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Opinion

Sally Ride could conquer space, but not pancreatic cancer

Astronaut Sally Ride, a specialist on shuttle mission

Astronaut Sally Ride, a specialist on shuttle mission STS-7, monitors control panels from the pilot's chair on the shuttle Columbia's flight deck. Ride became America's first woman in space 20 years ago when Columbia launched. (June 18, 1983) Credit: AP

Thirty years ago it seemed Sally Ride could overcome any obstacle. As the first U.S. woman to ride into space, she defied the barriers of gender and gravity. But she couldn’t overcome a banal one that kills close to 40,000 Americans every year: pancreatic cancer.

Pancreatic cancer is one of the deadliest forms of cancer, yet it’s one that continues to have a consistently poor prognosis, even when caught early. This is the same type of cancer that took Steve Jobs, Patrick Swayze, Donna Reed and Luciano Pavarotti — two of the four about a year after the diagnosis, Reed within three months. Ride survived 17 months after her diagnosis. She died Monday at age 61.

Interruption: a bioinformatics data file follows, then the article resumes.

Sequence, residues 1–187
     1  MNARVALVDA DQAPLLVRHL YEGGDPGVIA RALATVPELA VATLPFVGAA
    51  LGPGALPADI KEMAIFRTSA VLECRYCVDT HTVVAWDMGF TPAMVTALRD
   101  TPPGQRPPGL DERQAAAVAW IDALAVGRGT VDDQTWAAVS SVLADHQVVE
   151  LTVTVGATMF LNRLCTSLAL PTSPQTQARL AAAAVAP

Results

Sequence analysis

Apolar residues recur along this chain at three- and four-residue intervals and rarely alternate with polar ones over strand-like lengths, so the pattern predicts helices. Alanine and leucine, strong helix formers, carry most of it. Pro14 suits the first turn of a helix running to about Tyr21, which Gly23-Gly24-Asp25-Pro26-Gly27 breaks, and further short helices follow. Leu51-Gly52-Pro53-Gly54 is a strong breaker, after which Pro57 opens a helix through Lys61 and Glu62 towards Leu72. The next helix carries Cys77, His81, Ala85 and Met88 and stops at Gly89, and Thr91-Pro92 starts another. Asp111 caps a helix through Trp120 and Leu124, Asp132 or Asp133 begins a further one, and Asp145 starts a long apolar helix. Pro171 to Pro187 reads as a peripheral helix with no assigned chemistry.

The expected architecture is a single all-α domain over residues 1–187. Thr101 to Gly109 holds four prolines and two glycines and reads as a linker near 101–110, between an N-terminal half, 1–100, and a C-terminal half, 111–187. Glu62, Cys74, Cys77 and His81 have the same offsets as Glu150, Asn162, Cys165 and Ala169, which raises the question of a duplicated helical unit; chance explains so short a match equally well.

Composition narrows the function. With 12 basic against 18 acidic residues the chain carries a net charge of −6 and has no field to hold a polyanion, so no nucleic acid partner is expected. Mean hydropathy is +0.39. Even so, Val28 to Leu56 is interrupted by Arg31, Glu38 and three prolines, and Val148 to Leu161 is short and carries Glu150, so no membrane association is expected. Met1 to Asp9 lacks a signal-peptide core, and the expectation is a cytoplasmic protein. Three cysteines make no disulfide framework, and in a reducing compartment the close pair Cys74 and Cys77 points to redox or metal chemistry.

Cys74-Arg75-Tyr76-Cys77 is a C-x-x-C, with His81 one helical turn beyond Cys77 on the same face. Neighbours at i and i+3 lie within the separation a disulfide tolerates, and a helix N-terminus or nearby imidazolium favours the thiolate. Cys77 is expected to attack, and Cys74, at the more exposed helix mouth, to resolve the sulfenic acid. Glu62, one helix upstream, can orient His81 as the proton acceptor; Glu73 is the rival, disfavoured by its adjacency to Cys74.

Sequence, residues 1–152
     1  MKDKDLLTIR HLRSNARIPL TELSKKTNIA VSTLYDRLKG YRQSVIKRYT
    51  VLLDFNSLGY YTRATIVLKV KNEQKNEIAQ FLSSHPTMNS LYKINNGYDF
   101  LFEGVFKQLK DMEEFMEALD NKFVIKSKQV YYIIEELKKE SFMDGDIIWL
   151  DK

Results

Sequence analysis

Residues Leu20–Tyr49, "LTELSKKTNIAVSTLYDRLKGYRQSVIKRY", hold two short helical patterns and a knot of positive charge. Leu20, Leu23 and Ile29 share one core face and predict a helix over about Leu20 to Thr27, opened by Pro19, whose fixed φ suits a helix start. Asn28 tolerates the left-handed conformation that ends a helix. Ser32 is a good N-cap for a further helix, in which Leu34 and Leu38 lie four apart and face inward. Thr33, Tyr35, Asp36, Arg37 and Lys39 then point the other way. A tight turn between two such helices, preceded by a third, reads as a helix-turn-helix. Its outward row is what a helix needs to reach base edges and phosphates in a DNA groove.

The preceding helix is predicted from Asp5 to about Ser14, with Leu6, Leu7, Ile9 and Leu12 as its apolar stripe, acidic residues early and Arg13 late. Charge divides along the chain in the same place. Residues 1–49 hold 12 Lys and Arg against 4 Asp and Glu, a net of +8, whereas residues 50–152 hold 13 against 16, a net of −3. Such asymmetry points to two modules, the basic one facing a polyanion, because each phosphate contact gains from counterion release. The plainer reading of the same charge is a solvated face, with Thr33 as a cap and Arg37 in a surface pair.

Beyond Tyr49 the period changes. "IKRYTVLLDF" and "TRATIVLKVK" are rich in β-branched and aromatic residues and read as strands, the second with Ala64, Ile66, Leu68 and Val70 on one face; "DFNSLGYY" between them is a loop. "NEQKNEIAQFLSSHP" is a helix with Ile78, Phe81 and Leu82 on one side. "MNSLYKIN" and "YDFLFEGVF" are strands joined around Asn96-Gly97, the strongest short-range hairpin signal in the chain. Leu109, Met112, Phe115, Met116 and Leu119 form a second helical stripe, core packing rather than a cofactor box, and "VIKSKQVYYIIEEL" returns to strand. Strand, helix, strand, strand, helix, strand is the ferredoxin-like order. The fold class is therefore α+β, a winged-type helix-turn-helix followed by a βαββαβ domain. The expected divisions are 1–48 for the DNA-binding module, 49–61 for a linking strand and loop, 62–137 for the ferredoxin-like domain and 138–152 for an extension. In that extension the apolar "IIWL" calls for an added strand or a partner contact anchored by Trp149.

Why hasn’t medical research made as much progress with this disease as it has with many other? Some cancers get infinite media attention and have multiple organizations fundraising and educating for the cause and the cure. But for pancreatic cancer and a some others, there seems to be little passion until it becomes part of your personal life.

Ride was a pioneer among women and her legacy won’t be forgotten. And if her death brings a renewed focus on curing this cancer, she will have conquered another frontier.

Pictured above: Astronaut Sally Ride, a specialist on shuttle mission STS-7, monitors control panels from the pilot's chair on the shuttle Columbia flight deck.

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